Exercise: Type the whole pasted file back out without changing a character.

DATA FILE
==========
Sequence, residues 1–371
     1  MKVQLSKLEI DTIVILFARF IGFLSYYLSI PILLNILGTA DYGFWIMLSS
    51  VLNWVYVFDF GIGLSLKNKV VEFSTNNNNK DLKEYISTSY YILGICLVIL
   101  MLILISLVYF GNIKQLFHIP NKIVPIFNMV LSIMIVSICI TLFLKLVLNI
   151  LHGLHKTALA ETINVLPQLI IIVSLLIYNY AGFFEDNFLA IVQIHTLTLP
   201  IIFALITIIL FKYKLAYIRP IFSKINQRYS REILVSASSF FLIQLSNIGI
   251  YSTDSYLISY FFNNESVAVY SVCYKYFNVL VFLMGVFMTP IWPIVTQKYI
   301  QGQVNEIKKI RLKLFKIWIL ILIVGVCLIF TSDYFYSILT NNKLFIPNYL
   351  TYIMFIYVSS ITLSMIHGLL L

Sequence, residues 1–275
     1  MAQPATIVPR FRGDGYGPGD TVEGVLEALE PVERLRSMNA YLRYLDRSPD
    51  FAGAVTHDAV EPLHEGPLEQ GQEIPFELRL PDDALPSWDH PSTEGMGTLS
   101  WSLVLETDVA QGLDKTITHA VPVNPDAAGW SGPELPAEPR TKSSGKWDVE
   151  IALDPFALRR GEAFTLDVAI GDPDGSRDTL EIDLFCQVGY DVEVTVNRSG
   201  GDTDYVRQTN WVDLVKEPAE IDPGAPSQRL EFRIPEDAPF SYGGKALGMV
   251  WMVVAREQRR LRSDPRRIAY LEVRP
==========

Sequence, residues 1–371
     1  MKVQLSKLEI DTIVILFARF IGFLSYYLSI PILLNILGTA DYGFWIMLSS
    51  VLNWVYVFDF GIGLSLKNKV VEFSTNNNNK DLKEYISTSY YILGICLVIL
   101  MLILISLVYF GNIKQLFHIP NKIVPIFNMV LSIMIVSICI TLFLKLVLNI
   151  LHGLHKTALA ETINVLPQLI IIVSLLIYNY AGFFEDNFLA IVQIHTLTLP
   201  IIFALITIIL FKYKLAYIRP IFSKINQRYS REILVSASSF FLIQLSNIGI
   251  YSTDSYLISY FFNNESVAVY SVCYKYFNVL VFLMGVFMTP IWPIVTQKYI
   301  QGQVNEIKKI RLKLFKIWIL ILIVGVCLIF TSDYFYSILT NNKLFIPNYL
   351  TYIMFIYVSS ITLSMIHGLL L

Sequence, residues 1–275
     1  MAQPATIVPR FRGDGYGPGD TVEGVLEALE PVERLRSMNA YLRYLDRSPD
    51  FAGAVTHDAV EPLHEGPLEQ GQEIPFELRL PDDALPSWDH PSTEGMGTLS
   101  WSLVLETDVA QGLDKTITHA VPVNPDAAGW SGPELPAEPR TKSSGKWDVE
   151  IALDPFALRR GEAFTLDVAI GDPDGSRDTL EIDLFCQVGY DVEVTVNRSG
   201  GDTDYVRQTN WVDLVKEPAE IDPGAPSQRL EFRIPEDAPF SYGGKALGMV
   251  WMVVAREQRR LRSDPRRIAY LEVRP